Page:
How Do You Budget for the Unexpected?

So, you’ve built a budget. You’ve taken a colossal first step toward a successful financial life. And then the unthinkable happens – you’re hit with a huge unexpected expense.

If you’re going through this right now, your head might be spinning. It’s incredibly frustrating to feel like you’ve just started to get your financial life on track, only to have it derailed by something you couldn’t have possibly predicted. In the moment, unexpected expenses feel like a personal attack on your financial wellbeing.

We often view them as something that’s happening to us that was completely beyond our control. However, in most cases, we likely could have seen the “unexpected” expense coming if we’d thought ahead; or, at the very least, we could have planned for true emergencies with targeted savings. Let’s talk about how you can start expecting the unexpected and budget accordingly.

Insure the Insurable

We won’t go into detail here – it’s not the focus of this blog post. But, please, make sure you’re properly insured (Property and Casualty, Life, Health, and Disability). Transferring your financial risk to insurance companies, albeit for a cost (insurance premiums) is in your best interest.

Evaluate Your Expenses

It might be true that some of your unexpected expenses aren’t quite as unexpected as you may have thought. Many people view unexpected expenses as:

  • Replacing (or repairing) a car that looks like it could break down soon
  • Medical expenses for your kids
  • Home repairs

While these expenses aren’t frequent, they’re also predictable. You may not know when your fridge or older vehicle will break down, and you may not know when your kids are going to trip and need stitches. But if you’re honest with yourself, you know these expenses are going to crop up. However, many people forget to include them in their budget, often because it’s difficult to budget for an expense that doesn’t fall neatly within a timetable.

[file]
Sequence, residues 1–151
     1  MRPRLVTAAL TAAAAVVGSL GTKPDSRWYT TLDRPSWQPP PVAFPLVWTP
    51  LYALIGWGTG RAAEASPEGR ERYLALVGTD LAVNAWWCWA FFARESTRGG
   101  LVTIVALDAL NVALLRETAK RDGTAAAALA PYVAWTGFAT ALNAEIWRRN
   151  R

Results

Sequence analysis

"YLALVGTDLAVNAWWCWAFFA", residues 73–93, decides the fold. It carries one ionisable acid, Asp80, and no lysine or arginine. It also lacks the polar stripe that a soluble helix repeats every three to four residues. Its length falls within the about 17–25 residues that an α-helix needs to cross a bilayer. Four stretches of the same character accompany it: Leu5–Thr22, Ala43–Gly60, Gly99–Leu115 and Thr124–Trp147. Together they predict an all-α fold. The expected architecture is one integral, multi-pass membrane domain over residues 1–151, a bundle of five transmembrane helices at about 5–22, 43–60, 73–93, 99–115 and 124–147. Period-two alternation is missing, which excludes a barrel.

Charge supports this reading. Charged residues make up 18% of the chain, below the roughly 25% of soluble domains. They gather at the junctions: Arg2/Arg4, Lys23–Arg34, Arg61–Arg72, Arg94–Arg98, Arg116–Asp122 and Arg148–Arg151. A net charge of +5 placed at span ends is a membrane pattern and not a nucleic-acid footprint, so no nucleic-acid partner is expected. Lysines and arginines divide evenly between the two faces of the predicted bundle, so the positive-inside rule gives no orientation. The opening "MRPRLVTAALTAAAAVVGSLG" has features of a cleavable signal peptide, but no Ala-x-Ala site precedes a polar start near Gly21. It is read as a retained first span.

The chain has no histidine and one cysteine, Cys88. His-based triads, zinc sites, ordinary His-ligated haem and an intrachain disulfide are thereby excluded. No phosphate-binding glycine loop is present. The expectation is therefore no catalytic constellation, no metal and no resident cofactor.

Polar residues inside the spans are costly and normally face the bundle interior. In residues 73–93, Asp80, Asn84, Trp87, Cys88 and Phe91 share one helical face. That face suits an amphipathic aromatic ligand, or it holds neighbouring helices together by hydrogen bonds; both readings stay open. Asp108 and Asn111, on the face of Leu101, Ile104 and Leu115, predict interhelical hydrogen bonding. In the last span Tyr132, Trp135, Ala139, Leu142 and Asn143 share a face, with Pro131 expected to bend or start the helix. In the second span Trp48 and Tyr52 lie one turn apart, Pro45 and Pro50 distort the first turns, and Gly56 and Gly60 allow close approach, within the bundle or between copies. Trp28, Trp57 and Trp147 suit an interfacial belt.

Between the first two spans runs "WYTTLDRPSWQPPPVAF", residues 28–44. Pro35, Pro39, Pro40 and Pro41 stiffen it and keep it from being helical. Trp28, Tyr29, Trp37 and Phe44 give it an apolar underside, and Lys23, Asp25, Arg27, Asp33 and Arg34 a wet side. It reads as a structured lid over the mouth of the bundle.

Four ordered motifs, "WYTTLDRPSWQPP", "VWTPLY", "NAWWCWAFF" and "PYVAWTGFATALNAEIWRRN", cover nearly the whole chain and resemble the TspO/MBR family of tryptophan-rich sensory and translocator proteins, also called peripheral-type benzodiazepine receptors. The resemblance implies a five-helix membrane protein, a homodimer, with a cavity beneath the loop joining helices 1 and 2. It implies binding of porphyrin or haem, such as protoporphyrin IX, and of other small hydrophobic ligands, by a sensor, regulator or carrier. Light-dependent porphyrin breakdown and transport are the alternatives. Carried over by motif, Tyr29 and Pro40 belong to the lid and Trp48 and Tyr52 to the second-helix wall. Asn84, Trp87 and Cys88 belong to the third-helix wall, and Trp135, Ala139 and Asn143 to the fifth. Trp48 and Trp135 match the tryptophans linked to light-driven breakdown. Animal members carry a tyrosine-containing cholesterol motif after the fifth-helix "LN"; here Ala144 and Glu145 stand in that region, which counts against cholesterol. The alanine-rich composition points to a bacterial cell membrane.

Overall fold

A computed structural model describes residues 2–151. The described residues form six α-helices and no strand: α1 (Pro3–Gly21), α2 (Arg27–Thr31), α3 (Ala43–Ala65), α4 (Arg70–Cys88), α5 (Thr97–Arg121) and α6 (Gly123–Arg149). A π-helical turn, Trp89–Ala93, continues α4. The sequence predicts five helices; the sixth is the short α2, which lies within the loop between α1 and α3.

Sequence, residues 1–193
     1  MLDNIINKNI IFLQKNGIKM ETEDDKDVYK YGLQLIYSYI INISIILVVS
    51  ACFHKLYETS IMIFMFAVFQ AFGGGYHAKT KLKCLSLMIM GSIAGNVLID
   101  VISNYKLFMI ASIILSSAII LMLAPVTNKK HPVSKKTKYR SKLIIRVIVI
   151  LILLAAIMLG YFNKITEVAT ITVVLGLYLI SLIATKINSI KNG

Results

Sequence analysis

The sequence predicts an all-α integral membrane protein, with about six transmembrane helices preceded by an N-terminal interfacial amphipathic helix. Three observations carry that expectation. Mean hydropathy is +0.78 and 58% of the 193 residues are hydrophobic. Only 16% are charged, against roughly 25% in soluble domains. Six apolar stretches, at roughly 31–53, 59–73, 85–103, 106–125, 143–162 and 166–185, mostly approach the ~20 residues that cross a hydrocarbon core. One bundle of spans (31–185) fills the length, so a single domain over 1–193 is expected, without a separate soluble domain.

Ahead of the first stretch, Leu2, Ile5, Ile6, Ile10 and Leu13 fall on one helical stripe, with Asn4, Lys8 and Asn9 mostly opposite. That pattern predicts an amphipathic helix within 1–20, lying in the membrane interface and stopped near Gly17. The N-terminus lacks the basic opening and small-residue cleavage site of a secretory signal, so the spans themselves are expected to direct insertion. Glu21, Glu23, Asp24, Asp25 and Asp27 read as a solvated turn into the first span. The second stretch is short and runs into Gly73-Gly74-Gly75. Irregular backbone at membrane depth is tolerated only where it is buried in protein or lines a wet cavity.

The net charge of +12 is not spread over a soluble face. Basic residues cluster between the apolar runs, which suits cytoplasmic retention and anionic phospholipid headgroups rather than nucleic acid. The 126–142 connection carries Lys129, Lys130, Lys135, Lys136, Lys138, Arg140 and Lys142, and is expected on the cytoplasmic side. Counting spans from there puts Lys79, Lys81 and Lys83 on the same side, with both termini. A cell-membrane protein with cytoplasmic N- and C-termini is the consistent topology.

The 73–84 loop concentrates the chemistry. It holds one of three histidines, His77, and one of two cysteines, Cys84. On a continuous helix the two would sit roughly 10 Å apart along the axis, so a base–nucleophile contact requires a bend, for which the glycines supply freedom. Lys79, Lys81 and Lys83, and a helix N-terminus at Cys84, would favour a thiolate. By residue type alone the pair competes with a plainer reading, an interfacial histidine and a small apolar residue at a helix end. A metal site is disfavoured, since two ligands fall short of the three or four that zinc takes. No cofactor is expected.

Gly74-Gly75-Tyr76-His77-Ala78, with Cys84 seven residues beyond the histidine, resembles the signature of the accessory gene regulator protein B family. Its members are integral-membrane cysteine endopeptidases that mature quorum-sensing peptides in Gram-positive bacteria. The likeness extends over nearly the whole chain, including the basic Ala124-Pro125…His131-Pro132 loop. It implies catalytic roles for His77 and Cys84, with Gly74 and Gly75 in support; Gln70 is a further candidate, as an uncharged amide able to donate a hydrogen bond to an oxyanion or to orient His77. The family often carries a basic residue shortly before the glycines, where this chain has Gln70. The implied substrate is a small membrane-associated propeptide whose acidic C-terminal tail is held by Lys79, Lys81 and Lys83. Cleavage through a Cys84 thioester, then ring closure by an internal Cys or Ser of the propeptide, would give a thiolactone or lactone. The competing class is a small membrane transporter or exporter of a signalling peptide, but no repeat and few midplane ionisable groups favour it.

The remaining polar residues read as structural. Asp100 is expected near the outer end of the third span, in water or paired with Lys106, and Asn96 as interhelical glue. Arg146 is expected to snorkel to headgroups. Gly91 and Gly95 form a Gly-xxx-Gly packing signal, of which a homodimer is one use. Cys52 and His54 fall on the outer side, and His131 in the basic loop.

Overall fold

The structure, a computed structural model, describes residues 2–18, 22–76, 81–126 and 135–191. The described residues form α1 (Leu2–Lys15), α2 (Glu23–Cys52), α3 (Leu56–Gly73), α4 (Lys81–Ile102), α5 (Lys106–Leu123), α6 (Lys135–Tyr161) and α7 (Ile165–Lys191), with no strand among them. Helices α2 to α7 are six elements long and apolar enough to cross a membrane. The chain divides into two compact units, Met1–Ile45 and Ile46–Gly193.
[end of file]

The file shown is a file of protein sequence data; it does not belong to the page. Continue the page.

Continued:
Get Proactive

Some of your expenses, on the other hand, may be honestly unexpected. It’s tough to prepare for a car accident, travel arrangements for a death in the family, or ongoing medical complications for you or your immediate family. This is where some proactive planning can be helpful. This process is brief, and can save you financial headaches down the line:

  1. Pull your bank statements from the last year. What expenses were unexpected, or posed a financial burden? Highlight them or jot them down.
  2. Think back through the past several years, what other large expenses stick out. Did you have to replace your vehicle when yours broke down? Was there a large hospital bill after an accident?
  3. Look ahead to the next few months or years to come – what expenses might come up? Does your fridge make a constant whirring sound that doesn’t bode well? Did your young son just figure out how to climb trees? Nobody likes thinking about a worst-case-scenario, but when it comes to your money you should always hope for the best and prepare for the worst.
  4. Start to think through how you can prepare for these expenses in the future, and when they’ll likely crop up again. For example, if you recently replaced your vehicle you may not have to do so again in the near future (barring an accident). Some big expenses pop up every few years, while others are more closely related to a season of life. Young kids, for example, often have higher medical bills than adults, which is something to consider as you enter parenthood.

Once you have a list of large potential expenses you may be staring down in the near future, you can adjust your emergency savings goals accordingly to prepare in advance.

Emergency Savings are Important

The NewLeaf Financial Guidance blog covers savings often – and for good reason. An emergency savings is a necessary component of every financial plan. Your emergency savings should be between 3-6 months of living expenses to prevent going into debt in case of job loss, injury, or other true emergencies. If you don’t have any form of emergency savings yet, starting with a more incremental goal of $1,000 in an emergency savings account is an excellent first step. Keep in mind that your emergency savings should be in an accessible cash savings account, not in an investment account (like a Roth IRA).

In many cases, one large medical bill is enough to send an American household into debt. Being in this kind of precarious financial situation is draining, both on your finances in the event of an emergency and on your health. Emergency savings can reduce the stress you feel day-to-day, insulate you financially, and help to promote good personal choices (like going to the hospital if you get hurt rather than sticking it out because you can’t afford it).

 

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